Negotiating Local Norms in Online Communication

Negotiating Local Norms in Online Communication

Jonathan R. White (Högskolan Dalarna, Sweden)
DOI: 10.4018/978-1-5225-7601-3.ch004
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This chapter investigates norms of English usage in a community of novice students on a net-based MA program. They communicated in academic seminars using textchat. They were found to develop their own norms for using reduced forms to speed up communication. Their teachers, who in the Vietnamese and Bangladeshi native cultures of the students should have been given great respect, did not have much influence on the norm-setting process, and even were addressed very informally in the discussions. The author argues that this is an affordance of net-based education that the discourse community sets its own norms of English usage, despite the members' lack of experience.
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This entry deals with norms of language use in online communication. Norms are a controversial issue for language learners, in particular when it comes to English usage. There are many varieties of English around the world, but they have different statuses. It is still the case that, for many learners, British and American English have the highest status, and are the only really “proper” varieties to learn; but for others the colonial and cultural hegemony associated with them makes them irrelevant, and even inappropriate, in local contexts.

The Internet has got the reputation of being very open regarding freedom of speech (cf. the Wikileaks scandals), and for being a place where very informal, speech-like language is used. Research has shown, though, that language use online can be a way for social minorities to find a voice, and for those with lower confidence levels to communicate more. Also, it has been demonstrated that non-native speakers contribute more in discussions online, especially with native speaker interlocutors, compared to face-to-face communication. Discourse communities in general have also been argued to develop their own language practices, through the act of using language. The issue under investigation here is what norms do Internet novices adopt in online communication with native speakers of English?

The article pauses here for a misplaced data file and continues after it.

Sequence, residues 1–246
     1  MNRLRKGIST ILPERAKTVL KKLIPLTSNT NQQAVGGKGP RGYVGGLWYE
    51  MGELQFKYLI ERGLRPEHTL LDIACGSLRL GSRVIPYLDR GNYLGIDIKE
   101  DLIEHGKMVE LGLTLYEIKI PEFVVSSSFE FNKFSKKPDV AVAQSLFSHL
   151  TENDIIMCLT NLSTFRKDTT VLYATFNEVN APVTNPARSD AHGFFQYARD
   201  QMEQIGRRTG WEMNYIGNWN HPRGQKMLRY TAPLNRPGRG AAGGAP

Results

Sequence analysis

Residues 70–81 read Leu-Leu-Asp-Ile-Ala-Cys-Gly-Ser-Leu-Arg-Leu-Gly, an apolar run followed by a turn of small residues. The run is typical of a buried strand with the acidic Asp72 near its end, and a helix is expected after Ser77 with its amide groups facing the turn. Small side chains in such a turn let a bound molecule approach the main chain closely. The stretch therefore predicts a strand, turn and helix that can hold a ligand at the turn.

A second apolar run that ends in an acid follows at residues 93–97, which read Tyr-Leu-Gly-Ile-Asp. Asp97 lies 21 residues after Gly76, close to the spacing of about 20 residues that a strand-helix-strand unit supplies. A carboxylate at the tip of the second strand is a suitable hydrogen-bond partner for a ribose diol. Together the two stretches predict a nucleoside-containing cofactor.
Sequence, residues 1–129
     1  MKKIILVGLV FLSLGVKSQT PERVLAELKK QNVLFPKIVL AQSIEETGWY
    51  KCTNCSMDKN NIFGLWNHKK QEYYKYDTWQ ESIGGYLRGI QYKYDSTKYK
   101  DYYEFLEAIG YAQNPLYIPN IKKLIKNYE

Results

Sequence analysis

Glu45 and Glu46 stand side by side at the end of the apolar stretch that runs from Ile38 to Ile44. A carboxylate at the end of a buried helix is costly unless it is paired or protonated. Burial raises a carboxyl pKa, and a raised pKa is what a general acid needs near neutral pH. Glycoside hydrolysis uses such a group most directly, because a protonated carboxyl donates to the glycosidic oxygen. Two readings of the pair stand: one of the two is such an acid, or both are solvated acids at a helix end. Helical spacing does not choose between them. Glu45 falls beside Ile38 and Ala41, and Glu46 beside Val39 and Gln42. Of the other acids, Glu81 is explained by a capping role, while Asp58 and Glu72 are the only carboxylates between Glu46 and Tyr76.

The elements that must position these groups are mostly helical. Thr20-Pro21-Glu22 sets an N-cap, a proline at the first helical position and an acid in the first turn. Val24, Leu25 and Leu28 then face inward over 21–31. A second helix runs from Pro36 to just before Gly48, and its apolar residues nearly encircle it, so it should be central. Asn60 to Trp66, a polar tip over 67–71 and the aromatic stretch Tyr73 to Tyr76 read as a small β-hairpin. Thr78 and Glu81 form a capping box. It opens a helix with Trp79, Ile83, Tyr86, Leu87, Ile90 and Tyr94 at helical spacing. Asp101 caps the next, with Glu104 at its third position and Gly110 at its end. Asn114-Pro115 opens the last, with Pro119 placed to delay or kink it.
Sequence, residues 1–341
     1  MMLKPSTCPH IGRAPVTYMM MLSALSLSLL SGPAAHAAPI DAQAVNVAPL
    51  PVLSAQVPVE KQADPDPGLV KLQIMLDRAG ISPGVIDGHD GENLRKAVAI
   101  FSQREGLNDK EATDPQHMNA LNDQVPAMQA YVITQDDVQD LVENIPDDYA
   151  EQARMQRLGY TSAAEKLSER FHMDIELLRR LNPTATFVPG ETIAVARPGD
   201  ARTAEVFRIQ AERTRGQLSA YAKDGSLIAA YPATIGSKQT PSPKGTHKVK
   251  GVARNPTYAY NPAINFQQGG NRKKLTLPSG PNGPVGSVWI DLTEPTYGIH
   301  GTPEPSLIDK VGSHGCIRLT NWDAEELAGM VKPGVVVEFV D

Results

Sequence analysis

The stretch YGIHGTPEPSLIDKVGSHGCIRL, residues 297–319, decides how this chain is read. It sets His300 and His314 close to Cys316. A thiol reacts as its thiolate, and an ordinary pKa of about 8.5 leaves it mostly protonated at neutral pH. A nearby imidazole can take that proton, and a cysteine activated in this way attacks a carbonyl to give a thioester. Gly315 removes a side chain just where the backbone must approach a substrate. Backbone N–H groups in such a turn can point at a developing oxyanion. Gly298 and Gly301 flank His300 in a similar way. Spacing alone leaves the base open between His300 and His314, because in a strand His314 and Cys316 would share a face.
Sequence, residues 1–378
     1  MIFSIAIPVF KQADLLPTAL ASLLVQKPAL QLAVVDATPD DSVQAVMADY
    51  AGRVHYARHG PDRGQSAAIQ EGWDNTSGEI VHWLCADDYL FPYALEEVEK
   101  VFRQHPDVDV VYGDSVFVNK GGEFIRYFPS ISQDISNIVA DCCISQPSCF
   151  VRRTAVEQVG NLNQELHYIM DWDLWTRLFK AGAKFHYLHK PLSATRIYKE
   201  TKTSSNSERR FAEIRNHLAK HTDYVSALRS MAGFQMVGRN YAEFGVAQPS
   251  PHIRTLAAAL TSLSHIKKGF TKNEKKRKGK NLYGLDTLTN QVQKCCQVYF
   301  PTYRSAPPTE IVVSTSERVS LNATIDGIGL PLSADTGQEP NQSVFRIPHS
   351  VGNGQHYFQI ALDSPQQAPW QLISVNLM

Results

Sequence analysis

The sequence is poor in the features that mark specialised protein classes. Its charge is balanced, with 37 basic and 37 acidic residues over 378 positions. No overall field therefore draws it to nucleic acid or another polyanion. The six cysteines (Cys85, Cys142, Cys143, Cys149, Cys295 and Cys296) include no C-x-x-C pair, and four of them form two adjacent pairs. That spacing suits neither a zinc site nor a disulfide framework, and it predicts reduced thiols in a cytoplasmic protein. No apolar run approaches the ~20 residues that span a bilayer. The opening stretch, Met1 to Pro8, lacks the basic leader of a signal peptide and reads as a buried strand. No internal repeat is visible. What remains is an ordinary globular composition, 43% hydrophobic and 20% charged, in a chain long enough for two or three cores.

Language production in online seminars by learners of English is analysed to see what norms they develop. The learners are studying on a net-based MA programme in English Linguistics. They were novice Internet users and had never taken a net-based course before this programme. Mostly they were native speakers of Vietnamese, apart from two speakers of Bangla, both cultures which value respect for teachers. The specific norm analysed are reduced forms, where users reduce either the form or formality of linguistic expressions, for example, writing info instead of information, or yeah instead of yes. Given this background, and given that it is an education context, we might predict that their language production will be more oriented towards the norms of their native English-speaking teachers, and be more formal. In fact, this was not the case, and there was evidence that the learners clearly developed their own norms of language use. Thus, this constitutes strong support for the idea that online communities develop their own local norms through using language.

The next section presents the theoretical background to these issues.

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